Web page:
Names and Natural Kind Terms

David Braun

in The Oxford Handbook of Philosophy of Language

Published in print September 2008 | ISBN: 9780199552238
Published online September 2009 | e-ISBN: 9780191577451 | DOI:

Series: Oxford Handbooks in Philosophy

Names and Natural Kind Terms

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Names and natural kind terms have long been a major focus of debates about meaning and reference. This article discusses some of the theories and arguments that have appeared in those debates. It is remarkably difficult to say what names are (more exactly, proper names) without making controversial theoretical assumptions. This article does not attempt to do so here. It instead relies on paradigm examples that nearly all theorists would agree are proper names, for instance, ‘Aristotle’, ‘Mark Twain’, ‘London’, ‘Venus’, and ‘Pegasus’. All of the proper names that are discussed in the article are singular nouns that have no syntactic structure. Most of them refer to objects (for instance, people, cities, and planets), but some, such as ‘Pegasus’, apparently do not. The article begins with proper names and the question ‘What is the meaning of a proper name?’ It turns to natural kind terms later.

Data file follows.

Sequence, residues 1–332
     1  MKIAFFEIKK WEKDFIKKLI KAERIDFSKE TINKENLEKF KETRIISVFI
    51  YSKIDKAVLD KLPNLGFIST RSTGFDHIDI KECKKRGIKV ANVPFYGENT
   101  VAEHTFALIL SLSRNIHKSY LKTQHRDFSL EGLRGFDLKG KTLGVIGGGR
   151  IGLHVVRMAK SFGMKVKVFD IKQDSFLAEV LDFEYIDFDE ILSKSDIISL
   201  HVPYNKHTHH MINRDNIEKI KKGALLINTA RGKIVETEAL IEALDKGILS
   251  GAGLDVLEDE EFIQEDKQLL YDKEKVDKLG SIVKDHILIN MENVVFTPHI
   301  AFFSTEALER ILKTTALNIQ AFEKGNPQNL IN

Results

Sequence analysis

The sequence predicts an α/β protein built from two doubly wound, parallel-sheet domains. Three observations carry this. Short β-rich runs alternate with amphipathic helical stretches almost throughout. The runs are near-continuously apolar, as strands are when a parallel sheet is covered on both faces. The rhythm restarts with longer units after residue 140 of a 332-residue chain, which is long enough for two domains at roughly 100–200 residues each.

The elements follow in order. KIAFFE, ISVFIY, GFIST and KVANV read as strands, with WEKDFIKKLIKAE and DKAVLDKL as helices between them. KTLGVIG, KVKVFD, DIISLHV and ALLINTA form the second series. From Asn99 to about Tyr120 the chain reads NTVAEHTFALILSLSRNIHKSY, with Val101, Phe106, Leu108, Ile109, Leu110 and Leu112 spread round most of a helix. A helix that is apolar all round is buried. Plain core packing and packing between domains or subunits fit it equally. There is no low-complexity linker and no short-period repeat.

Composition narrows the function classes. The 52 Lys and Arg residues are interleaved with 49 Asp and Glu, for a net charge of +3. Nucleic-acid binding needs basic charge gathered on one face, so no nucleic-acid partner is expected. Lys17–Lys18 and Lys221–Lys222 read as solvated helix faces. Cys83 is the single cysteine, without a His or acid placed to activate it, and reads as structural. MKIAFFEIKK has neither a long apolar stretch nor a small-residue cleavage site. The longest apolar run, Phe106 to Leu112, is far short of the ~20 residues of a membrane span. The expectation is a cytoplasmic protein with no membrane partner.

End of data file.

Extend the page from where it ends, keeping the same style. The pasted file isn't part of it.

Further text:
Keywords: natural kind terms; names; proper names; singular nouns; syntactic structure; philosophy of language

Article.  12543 words. 

Subjects: Philosophy of Language

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